Prison Security Reaches Main Street, USA
Americans are treated like prisoners every day. It doesn’t even matter if you’ve committed a crime. Government agencies are bringing prison practices to Main Street America in the name of national security.
Your rights and privacy are being stripped away, “for your own safety.”
Their vision of a perfectly secure and safe society has no room for privacy. No room for dissent. And before long, there won’t be any room for creativity or innovation either.
It’s no wonder our economy is as sluggish as it is. Economic stagnation naturally follows the loss of freedom.
There’s more than one reason why free countries prosper and tyrannical countries don’t. The freedom to express yourself, to wonder, to invent … these are the things that enrich the society we’re living in. But in order to have these things, a society has to value freedom.
You’ve probably heard Benjamin Franklin’s famous quote “Those who would give up essential Liberty, to purchase a little temporary Safety, deserve neither Liberty nor Safety.”
Our liberties are quickly disappearing in the name of national security. National security is big business, and the government knows just where to go for their next big idea.
We’ve identified five security tactics that have made their way out of prisons and onto Main Street.
5 Prison Security Tactics
the Government Uses on You
They Track Your Every Move
High-tech camera systems are useful inside prisons, because authorities want to be able to quickly identify anyone that starts trouble or commits a crime. It makes sense.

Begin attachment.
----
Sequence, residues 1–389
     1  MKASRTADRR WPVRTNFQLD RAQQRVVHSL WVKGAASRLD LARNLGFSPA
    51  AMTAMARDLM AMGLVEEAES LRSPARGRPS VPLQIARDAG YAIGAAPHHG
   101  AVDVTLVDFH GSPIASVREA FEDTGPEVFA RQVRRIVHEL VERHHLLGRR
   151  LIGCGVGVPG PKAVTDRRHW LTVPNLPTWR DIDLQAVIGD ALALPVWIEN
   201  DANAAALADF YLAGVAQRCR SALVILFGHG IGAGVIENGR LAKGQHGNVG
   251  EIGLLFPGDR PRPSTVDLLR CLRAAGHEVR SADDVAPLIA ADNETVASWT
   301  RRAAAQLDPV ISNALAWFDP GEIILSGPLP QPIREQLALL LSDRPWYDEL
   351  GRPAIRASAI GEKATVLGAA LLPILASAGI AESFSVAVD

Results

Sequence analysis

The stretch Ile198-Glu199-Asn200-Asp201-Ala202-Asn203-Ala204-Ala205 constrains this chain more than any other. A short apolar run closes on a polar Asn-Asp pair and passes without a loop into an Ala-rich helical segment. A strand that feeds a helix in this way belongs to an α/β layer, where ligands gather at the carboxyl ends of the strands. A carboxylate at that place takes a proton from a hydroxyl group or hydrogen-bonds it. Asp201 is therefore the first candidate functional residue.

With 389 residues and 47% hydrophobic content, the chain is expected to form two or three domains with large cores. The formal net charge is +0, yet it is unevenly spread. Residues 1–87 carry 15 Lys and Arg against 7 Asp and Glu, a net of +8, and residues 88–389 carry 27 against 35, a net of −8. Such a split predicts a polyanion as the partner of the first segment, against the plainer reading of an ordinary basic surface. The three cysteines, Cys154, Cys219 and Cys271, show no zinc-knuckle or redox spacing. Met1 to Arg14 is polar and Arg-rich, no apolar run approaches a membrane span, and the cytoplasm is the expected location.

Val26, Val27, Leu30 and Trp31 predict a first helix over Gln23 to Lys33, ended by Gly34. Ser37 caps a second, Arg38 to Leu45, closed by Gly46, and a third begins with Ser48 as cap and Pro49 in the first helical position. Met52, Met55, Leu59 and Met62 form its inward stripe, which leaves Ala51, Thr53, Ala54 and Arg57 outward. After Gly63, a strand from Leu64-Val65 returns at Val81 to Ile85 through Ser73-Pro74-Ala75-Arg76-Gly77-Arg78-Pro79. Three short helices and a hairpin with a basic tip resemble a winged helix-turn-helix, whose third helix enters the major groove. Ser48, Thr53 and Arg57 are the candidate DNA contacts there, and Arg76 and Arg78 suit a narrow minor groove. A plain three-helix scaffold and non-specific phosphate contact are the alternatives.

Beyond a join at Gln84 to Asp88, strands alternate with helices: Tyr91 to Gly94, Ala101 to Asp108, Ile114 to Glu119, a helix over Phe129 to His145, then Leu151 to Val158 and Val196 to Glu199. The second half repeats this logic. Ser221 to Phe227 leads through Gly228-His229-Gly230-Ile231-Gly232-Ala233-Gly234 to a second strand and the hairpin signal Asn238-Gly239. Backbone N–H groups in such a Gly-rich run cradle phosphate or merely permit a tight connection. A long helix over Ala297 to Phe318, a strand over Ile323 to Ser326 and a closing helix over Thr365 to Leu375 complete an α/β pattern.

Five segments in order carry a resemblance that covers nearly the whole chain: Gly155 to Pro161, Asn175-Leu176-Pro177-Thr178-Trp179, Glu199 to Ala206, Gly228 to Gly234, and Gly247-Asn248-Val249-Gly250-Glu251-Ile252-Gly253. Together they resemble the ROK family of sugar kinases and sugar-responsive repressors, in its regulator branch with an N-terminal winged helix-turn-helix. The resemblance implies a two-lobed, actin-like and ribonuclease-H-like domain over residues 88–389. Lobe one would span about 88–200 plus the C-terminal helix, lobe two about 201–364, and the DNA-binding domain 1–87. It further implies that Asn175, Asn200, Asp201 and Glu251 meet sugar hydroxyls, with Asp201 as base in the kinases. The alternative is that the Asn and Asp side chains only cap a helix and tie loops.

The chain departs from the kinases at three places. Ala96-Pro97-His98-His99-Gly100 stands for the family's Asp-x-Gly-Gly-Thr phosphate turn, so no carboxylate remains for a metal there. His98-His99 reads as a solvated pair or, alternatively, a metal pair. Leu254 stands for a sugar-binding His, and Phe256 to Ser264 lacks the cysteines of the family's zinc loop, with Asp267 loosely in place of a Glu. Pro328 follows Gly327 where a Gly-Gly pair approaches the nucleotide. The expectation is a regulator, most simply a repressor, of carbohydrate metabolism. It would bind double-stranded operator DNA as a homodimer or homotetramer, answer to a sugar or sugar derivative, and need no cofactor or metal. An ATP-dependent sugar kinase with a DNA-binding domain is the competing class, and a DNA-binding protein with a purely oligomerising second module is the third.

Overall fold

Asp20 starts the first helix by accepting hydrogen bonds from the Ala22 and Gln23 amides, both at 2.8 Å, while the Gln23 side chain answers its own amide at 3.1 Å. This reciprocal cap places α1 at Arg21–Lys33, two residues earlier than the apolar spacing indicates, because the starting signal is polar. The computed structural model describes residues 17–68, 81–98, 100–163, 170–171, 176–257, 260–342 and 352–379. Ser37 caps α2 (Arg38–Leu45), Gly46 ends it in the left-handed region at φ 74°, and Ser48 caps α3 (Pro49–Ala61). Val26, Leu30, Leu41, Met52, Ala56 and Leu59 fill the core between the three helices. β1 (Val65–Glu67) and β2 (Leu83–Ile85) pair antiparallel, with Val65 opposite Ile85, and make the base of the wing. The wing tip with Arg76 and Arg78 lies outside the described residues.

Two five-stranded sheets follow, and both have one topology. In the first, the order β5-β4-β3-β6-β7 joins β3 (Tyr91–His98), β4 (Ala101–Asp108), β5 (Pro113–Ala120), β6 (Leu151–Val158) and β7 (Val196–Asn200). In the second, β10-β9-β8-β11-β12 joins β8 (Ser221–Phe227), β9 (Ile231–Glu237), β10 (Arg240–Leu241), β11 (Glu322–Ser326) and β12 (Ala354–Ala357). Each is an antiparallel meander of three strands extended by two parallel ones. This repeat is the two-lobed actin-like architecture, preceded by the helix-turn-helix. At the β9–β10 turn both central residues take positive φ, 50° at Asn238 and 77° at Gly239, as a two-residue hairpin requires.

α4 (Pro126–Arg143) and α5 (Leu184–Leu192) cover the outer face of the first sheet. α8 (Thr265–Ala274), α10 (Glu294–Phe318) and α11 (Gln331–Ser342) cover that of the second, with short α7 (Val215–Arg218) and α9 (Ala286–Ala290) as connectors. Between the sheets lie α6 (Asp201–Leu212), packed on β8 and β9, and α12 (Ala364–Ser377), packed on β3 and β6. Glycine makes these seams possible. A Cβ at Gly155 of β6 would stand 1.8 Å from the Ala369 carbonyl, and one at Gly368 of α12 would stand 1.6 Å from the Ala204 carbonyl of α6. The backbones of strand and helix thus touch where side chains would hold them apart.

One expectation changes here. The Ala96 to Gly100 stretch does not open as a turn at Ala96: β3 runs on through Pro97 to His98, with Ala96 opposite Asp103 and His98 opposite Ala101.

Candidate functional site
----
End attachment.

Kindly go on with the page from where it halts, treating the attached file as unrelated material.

But these days, cameras and surveillance systems are just as prevalent and even more sophisticated outside prison walls.
Think about all of the places you see surveillance cameras every day. Traffic cameras over intersections. Video surveillance cameras on public streets and plazas. Many cities now are even setting up camera systems to track license plates. Plain and simple, your movements are being monitored and tracked on a daily basis
When someone commit a crime, is convicted in a court of law, and is then imprisoned, they’re stripped of their right to privacy while they serve out their sentence.
Part of that loss of privacy means that prison authorities will randomly check prisoner’s living quarters for weapons or drugs and may even stop prisoners and pat them down. It makes good sense, if the person has been convicted and sentenced.
But what about the random checkpoints and roadblocks that police regularly use on law-abiding citizens? What about he “stop-and-frisk” policy that became infamous in New York?
If you happen to be stopped at a roadblock or a random check point, a law enforcement officer will ask you questions about your activities and plans. He’ll look you over and scan inside your vehicle, too. If he feels anything is out of the ordinary, he might ask you to submit your vehicle to a search.
“After all,” he might say, “if you don’t have anything to hide, why not?”
How is that any different than how prisoners are treated? Other than of course, in the case of a prisoner, they’ve been convicted of a crime.
The phone calls that prisoners make while they’re confined are monitored for good reason. Authorities want to prevent additional crimes, riots, escape plans, etc.